A Christian teacher and pastor suspended for "misgendering" a transgender student is suing his school for religious discrimination and said his case reflects "an increasing trend of Christians being marginalized in the public square."
The controversy began when Joshua Sutcliffe, 27, who teaches math at an Oxfordshire secondary school and pastors an evangelical church, said, "Well done girls" to the teenager, who was born a female but identifies as a male, and a friend when he spotted them studying.
He apologized when corrected by the student, but six weeks later he was suspended from teaching and faced a disciplinary hearing after the pupil's mother lodged a complaint.
Following the week-long investigation, the school found Sutcliffe to have "misgendered" the pupil, "demonstrating discriminatory behaviors" and "contravened the school's equality policy."
Now, Sutcliffe is taking the school in Oxfordshire to an employment tribunal, claiming he has been victimized for his Christian beliefs - with his rights "systematically and maliciously" breached, according to the Mail Online.
Sutcliffe told reporters he was "distraught" by what he referred to as "political correctness gone mad," explaining that he had no official instructions about how to address the student. However, as a Christian, the teacher said he avoided using male pronouns such as "he" and "him" when referring to the student.
"While the suggestion that gender is fluid conflicts sharply with my Christian beliefs, I recognize my responsibility as a teacher and Christian to treat each of my pupils with respect," he said. "I have balanced these factors by using the pupil's chosen name, and although I did not intentionally refer to the pupil as a 'girl,' I do not believe it is unreasonable to call someone a girl if they were born a girl."
"I said it was only one incident for which I had apologized, but he insisted the investigation would go ahead," he continued. "I had always tried to respect the pupil and keep a professional attitude as well as my integrity, but it seemed to me that the school was trying to force me to adhere to its liberal, Leftist agenda."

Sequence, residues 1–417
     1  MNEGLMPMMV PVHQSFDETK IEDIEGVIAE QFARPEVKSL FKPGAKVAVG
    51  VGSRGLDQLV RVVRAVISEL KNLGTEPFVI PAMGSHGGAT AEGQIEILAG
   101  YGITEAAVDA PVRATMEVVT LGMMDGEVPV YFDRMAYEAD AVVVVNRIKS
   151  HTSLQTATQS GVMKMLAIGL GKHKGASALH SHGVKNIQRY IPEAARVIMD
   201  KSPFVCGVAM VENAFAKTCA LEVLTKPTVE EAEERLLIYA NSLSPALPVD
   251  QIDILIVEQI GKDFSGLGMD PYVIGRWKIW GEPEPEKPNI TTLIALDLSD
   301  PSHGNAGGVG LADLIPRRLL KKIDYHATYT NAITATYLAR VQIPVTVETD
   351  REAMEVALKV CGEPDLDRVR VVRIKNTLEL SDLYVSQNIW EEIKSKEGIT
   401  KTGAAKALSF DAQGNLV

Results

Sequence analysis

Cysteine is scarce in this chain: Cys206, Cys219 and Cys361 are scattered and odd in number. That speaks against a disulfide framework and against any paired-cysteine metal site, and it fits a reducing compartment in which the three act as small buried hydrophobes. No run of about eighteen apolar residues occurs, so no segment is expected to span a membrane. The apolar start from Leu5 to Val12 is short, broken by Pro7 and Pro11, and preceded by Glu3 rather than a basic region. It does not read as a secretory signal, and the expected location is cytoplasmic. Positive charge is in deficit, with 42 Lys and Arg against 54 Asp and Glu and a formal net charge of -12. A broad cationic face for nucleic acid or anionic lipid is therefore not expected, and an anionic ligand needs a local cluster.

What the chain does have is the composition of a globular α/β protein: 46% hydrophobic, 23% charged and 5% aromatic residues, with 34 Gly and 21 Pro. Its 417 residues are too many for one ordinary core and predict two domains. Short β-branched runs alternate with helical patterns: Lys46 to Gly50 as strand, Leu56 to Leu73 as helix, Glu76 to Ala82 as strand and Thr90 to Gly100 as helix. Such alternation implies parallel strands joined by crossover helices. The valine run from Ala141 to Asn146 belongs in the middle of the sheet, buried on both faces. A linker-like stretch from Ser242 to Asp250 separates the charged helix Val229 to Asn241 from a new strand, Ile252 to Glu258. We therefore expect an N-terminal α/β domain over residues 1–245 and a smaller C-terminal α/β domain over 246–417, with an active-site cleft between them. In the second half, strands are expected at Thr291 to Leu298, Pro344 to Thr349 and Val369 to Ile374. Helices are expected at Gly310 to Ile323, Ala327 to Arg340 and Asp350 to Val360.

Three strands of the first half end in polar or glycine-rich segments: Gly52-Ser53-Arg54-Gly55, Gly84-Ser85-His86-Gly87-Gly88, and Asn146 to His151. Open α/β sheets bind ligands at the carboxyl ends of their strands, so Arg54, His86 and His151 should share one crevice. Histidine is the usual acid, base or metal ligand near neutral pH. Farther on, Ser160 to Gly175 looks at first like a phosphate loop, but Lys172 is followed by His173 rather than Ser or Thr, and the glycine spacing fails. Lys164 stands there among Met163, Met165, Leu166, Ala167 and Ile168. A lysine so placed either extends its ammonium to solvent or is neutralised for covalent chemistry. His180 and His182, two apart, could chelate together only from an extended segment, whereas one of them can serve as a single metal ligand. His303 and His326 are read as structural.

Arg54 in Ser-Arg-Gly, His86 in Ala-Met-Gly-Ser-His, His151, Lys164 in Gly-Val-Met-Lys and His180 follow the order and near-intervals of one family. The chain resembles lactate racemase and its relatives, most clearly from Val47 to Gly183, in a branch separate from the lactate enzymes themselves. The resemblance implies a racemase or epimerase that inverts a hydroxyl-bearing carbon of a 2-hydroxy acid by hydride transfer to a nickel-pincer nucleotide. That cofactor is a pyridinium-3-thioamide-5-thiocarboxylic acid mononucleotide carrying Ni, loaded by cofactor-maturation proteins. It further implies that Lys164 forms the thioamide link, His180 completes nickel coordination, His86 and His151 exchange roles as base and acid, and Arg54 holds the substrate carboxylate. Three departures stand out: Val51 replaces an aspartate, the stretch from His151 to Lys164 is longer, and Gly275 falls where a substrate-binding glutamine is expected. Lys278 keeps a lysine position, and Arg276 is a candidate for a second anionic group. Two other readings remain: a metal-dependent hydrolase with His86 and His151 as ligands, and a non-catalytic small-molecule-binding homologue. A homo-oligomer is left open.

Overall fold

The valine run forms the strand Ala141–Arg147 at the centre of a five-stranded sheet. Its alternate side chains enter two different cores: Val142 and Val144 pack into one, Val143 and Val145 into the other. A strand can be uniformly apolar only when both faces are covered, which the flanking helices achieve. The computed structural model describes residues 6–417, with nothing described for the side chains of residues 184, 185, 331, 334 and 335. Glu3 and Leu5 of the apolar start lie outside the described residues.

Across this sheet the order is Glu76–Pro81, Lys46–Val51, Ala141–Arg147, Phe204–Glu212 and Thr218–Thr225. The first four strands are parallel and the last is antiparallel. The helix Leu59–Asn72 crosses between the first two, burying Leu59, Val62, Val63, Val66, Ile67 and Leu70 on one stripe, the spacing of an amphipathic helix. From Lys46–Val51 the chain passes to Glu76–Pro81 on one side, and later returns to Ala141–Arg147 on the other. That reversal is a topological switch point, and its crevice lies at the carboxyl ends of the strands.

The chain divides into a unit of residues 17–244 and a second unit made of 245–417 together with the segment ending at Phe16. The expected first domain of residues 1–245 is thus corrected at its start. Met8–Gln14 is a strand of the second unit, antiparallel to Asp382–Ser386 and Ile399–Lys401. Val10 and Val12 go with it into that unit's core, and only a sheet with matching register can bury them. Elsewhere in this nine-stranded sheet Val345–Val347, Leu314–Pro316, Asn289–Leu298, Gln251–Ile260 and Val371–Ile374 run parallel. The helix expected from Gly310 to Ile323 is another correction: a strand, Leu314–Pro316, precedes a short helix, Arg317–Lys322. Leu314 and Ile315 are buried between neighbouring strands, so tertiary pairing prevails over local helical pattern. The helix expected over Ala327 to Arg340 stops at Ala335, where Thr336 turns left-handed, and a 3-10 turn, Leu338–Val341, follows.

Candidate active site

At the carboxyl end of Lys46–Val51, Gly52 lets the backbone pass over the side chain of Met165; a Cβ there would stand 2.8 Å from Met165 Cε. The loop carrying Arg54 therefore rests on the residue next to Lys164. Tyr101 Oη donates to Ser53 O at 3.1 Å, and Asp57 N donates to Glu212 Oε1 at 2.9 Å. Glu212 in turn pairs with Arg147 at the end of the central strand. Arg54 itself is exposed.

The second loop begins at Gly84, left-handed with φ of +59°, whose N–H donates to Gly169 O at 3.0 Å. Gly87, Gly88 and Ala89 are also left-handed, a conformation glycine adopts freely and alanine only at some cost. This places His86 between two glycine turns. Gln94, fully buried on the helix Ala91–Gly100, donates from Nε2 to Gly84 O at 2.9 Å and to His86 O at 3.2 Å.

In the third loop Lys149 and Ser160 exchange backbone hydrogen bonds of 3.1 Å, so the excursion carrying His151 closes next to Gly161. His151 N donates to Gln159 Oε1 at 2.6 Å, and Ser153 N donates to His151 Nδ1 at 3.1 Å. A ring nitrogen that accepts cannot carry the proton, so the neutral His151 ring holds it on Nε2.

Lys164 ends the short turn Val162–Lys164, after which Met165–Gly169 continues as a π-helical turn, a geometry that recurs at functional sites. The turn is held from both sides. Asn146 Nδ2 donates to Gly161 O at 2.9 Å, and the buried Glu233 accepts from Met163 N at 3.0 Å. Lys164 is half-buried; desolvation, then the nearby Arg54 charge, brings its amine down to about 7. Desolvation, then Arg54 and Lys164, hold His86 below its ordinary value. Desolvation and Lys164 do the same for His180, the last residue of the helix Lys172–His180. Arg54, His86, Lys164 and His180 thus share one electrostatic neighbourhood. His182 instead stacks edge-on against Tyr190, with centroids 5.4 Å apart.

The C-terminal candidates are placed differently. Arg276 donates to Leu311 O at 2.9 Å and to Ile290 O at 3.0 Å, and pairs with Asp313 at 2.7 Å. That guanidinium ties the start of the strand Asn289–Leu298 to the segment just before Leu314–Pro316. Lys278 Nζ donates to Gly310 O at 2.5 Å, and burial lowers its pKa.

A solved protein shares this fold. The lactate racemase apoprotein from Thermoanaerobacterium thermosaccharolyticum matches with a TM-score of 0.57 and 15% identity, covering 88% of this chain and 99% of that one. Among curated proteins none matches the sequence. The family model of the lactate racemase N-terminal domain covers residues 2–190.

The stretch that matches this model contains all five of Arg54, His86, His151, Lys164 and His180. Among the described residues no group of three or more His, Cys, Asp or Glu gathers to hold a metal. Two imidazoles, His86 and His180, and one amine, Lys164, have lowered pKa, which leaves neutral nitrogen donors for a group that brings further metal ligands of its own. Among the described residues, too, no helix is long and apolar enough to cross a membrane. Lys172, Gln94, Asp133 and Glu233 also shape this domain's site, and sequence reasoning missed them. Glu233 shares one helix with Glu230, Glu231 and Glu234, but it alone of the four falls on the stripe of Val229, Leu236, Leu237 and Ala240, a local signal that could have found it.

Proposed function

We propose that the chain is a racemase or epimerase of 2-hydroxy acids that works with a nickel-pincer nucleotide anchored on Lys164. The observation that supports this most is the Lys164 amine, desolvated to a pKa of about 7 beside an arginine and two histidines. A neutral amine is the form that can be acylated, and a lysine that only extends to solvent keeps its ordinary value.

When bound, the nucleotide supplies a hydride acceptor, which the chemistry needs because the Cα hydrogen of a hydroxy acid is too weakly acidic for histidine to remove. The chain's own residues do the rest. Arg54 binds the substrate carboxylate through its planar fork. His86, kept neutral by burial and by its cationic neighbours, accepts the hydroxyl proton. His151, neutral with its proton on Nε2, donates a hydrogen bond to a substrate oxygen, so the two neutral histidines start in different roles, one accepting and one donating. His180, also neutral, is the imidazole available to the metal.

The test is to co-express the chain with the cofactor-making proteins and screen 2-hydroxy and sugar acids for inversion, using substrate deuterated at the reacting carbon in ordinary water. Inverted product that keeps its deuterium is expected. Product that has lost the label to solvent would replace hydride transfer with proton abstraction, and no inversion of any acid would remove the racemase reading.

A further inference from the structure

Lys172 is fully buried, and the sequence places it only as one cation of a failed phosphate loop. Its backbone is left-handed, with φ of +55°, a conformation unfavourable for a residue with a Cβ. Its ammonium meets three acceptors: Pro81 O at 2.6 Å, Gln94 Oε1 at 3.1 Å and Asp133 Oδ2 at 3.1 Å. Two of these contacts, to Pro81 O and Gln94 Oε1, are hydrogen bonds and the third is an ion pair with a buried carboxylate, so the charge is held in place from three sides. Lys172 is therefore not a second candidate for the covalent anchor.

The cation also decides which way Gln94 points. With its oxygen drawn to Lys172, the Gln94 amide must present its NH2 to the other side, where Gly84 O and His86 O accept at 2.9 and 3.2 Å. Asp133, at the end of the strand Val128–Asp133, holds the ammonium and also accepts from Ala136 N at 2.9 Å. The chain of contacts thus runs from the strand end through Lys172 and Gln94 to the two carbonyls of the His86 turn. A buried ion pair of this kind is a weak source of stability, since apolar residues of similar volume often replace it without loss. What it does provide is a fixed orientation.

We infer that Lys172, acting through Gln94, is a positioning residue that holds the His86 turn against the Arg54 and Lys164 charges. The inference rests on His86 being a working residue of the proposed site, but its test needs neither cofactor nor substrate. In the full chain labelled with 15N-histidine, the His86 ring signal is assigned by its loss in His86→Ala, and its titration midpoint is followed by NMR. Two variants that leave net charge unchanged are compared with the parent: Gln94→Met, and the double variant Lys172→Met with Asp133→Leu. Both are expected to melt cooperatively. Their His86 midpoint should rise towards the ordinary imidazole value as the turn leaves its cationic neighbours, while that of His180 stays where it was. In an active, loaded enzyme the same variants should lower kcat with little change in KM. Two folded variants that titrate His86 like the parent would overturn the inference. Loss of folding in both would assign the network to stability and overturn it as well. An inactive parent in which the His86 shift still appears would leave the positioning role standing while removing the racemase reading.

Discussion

Sutcliffe said he assumed the investigation would be brief and he would soon be back in the classroom. However, he was questioned several times, and later received a letter telling him to attend a formal disciplinary hearing this Wednesday, attended by the head and three governors.
"'I have never been trained to deal with this sort of thing. I felt completely out of my depth and intimidated," he said.
"I have been shocked and saddened by the actions of the school, which, in my opinion, reflect an increasing trend of Christians being marginalized in the public square, and unpopular beliefs silenced," he added.
Andrea Williams, chief executive of the Christian Legal Centre which is supporting the teacher, said this case is just one of many where teachers are "finding themselves silenced or punished if they refuse to fall in line with the current sexual and gender ideology being imposed on our children in schools."
"We all know how much we change during our teenage years. It is vital that during those years we help our children to live in the biological sex they were born rather than encouraging them to change 'gender,'" she said.
"If we encourage them to change gender it is not kind and compassionate; it is cruel. What we need is a culture in our schools which gives emotional support to children through puberty without encouraging them to make life-long decisions against their natural born biological sex. If we collude in the transgender delusion we do not serve our children well, we harm them."
Sutcliffe has previously come under fire for his biblical view of gender and sexuality; several years ago, a voluntary Bible club he started during lunchtime was shut down after he answered a student's question on marriage by saying the Bible described it as being between a man and a woman.